Comparison between immunoturbidimetry, size-exclusion chromatography, and LC-MS to quantify urinary albumin

Aisha Shaikh, Jesse C. Seegmiller, Timothy M. Borland, Bradley E. Burns, Paula M. Ladwig, Ravinder J. Singh, Rajiv Kumar, Timothy S. Larson, John C. Lieske

Research output: Contribution to journalArticlepeer-review

35 Scopus citations


BACKGROUND: The accurate and precise measurement of urinary albumin is critical, since even minor increases are diagnostically sensitive indicators of renal disease, cardiovascular events, and risk for death. To gain insights into potential measurement biases, we systematically compared urine albumin measurements performed by LC-MS, a clinically available immunoturbidimetric assay, and size-exclusion HPLC. METHODS: We obtained unused clinical urine samples from 150 patients who were stratified by degrees of albuminuria (<20 mg/L, 20-250 mg/L, >250 mg/L) as determined by the immunoturbidimetric assay used in our clinical laboratory (Roche Hitachi 912). Urine albumin was then remeasured via LC-MS and HPLC (Accumin™) assays. RESULTS: The immunoturbidimetric assay, calibrated using manufacturer-supplied serum-derived calibrators (Diasorin), underestimated albumin compared with LC-MS. After calibration with purified HSA, this immunoturbidimetric assay correlated well with LCMS. HPLC overestimated albumin compared with both LC-MS and immunoturbidimetry. The current LC-MS and HPLC assays both performed poorly at concentrations <20 mg/L. CONCLUSIONS: Efforts are needed to establish gold-standard traceable calibrators for clinical assays. LC-MS is a specific method to quantify albumin in native urine when concentrations exceed 20 mg/L, and therefore could be employed for standardization among assays.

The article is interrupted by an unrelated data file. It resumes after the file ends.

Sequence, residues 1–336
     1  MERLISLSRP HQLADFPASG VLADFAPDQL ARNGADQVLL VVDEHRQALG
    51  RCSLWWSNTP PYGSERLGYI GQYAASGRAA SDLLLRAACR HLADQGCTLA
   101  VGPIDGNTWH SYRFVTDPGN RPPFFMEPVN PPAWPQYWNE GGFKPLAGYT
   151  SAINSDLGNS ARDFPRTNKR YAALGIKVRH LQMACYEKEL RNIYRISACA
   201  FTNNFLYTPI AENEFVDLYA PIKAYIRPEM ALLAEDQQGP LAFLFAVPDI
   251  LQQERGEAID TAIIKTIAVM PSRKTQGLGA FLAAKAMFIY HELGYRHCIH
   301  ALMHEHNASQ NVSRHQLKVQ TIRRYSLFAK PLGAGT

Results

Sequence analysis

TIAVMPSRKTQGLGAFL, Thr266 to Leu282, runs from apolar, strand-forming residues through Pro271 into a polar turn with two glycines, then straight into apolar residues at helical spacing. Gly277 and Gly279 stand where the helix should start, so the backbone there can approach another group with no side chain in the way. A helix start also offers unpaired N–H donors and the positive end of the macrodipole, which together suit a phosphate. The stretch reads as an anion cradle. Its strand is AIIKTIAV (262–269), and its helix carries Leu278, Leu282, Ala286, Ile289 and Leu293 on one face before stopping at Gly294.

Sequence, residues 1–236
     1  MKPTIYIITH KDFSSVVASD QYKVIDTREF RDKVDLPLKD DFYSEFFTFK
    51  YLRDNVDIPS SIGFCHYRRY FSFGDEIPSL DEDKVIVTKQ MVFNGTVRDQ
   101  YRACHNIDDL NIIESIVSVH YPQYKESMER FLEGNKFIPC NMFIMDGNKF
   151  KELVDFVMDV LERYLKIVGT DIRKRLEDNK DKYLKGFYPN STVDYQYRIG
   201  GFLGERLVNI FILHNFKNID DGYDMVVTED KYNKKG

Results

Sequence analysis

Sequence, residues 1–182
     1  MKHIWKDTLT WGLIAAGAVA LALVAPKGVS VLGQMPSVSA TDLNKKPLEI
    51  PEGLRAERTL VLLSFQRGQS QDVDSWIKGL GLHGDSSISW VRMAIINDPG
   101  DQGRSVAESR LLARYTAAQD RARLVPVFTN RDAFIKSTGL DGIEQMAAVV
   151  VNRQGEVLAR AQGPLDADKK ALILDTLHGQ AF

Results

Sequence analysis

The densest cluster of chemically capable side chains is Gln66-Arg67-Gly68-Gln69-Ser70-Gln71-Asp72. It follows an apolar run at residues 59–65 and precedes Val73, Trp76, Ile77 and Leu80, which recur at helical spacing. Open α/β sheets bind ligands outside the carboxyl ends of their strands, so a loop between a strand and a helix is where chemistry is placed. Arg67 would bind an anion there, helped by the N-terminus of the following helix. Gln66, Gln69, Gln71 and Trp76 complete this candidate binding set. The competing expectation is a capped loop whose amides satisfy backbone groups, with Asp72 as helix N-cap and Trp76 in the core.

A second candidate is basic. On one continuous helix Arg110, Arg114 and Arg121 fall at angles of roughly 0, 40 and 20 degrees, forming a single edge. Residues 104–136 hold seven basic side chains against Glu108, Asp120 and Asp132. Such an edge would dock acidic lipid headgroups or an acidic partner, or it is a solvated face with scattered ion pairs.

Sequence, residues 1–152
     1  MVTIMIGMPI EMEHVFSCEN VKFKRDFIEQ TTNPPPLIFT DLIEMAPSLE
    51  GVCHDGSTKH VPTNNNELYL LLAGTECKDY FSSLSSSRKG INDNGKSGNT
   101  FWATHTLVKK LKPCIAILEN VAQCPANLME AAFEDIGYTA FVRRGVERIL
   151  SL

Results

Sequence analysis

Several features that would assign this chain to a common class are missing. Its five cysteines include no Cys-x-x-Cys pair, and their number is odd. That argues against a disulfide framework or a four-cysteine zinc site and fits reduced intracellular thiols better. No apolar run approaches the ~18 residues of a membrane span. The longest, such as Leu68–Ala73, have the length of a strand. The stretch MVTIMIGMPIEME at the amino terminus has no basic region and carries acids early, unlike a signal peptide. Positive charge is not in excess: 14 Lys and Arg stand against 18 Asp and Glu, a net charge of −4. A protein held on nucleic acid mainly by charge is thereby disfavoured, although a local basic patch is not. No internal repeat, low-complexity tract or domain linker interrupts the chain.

Original languageEnglish (US)
Pages (from-to)1504-1510
Number of pages7
JournalClinical chemistry
Issue number9
StatePublished - Aug 9 2008

ASJC Scopus subject areas

  • General Medicine


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